Updates on cases, laws, and other topics of interest to local governments

Subscribe by Email

Enter your Email:
Preview | Powered by FeedBlitz

Subscribe in a Reader

Follow Municipal Minute on Twitter


Blog comments do not reflect the views or opinions of the Author or Ancel Glink. Some of the content may be considered attorney advertising material under the applicable rules of certain states. Prior results do not guarantee a similar outcome. Please read our full disclaimer

Tuesday, April 21, 2020

Illinois Supreme Court Interprets Sick Leave Statute for Birth of Child

Last week, the Illinois Supreme Court issued a ruling providing guidance to school districts on how to apply section 24-6 of the Illinois School Code relating to sick leave for teachers who give birth at the end of the school year. Dynak v. Board of Education of Wood Dale School District.

A full-time teacher in a school district had notified the district that she was due to give birth on June 6th, the day before the end of the school year. She requested to use 1.5 days of accumulated sick leave on June 6th and 7th. She also requested to use 12 weeks of FMLA leave beginning on August 18th (the first day of the following school year) and 28.5 days of paid sick leave in conjunction with the FMLA leave. The district allowed her to use the 1.5 days of leave in June, but denied her request to use paid sick leave in conjunction with FMLA leave beginning on August 18th. The district supported its denial by informing her that she was not eligible to use sick leave or FMLA leave 10 weeks after the birth unless additional circumstances existed that qualified for that leave.

The teacher sued the district and the case made its way to the Illinois Supreme Court. The teacher argued that section 24-6 of the School Code does not specify that paid sick leave for birth must be continuous, when it must begin, or whether it must be completed within a certain amount of time after the birth.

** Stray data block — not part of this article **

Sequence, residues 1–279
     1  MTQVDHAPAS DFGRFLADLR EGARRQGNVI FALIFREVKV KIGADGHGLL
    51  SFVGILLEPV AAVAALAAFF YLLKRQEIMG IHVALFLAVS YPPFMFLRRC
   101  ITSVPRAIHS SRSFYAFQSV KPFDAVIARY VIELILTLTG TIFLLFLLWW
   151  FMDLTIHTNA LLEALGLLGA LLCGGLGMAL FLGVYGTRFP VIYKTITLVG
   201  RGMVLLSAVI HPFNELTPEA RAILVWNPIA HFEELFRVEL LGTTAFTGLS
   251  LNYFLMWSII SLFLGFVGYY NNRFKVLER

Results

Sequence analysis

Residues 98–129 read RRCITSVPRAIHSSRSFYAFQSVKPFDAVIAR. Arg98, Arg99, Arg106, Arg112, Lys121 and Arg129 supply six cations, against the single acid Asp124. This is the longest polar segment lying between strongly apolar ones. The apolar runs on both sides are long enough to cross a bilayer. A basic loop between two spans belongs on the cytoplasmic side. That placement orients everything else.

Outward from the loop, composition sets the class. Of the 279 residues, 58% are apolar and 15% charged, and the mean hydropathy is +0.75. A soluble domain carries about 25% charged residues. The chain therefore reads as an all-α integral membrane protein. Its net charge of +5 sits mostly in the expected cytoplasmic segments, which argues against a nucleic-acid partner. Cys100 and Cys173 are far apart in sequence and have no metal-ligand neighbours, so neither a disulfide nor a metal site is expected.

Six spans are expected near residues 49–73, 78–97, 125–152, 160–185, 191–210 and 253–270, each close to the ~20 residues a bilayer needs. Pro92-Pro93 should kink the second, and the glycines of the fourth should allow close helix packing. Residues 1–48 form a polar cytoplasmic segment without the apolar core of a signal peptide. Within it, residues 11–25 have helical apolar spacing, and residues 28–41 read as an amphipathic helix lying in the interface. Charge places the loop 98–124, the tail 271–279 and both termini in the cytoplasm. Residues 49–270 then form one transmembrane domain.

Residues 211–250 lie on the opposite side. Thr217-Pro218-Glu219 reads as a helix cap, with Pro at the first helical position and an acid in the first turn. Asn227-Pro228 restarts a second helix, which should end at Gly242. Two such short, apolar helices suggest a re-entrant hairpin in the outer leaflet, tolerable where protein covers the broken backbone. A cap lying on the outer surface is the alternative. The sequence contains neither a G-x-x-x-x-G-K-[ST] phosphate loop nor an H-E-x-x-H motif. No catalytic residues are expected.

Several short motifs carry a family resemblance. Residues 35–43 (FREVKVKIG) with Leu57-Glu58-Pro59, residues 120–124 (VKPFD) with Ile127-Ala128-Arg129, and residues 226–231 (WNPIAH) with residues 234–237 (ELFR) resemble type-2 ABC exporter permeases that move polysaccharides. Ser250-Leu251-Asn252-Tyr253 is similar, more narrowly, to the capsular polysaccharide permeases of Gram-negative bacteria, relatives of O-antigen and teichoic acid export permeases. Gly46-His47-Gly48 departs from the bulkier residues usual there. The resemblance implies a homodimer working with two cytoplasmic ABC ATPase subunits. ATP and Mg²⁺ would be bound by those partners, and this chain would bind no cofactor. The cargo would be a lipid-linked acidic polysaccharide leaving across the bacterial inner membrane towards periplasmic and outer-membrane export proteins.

The Supreme Court first looked at how an intervening summer break affects a teacher’s right under section 24-6 of the School Code to use accumulated paid sick leave after the birth of a child. In the Court's view, the only reasonable way to interpret the statute’s allowance of sick leave for personal illness, quarantine at home, or serious illness or death in the immediate family or household is that the sick leave must be contemporaneous with the event. The Court noted that the provision requiring a teacher to provide a medical certificate after an absence of three days for personal illness was clear evidence that the legislature did not intend for sick leave to be separated in time from the actual illness. The Court further held that there was no evidence in the statute that the legislature intended to create a vested right in an employee to take paid sick leave on any days the employee chooses. 

The Court concluded that "[i]n the same way that sick leave for illness may not be disconnected in time from the illness, sick leave for birth may not be disconnected in time from the birth." As a result, under section 24-6, teachers may use up to 30 days of accumulated paid sick leave during the six-week period immediately following the birth. But, once that six-week period has elapsed, a teacher cannot use paid sick days for birth unless the teacher provides a physician’s certificate as required by the statute. So, the teacher was not entitled to use any paid sick leave for “birth” at the beginning of the school year when the birth took place at the end of the previous school year. 


Post a Comment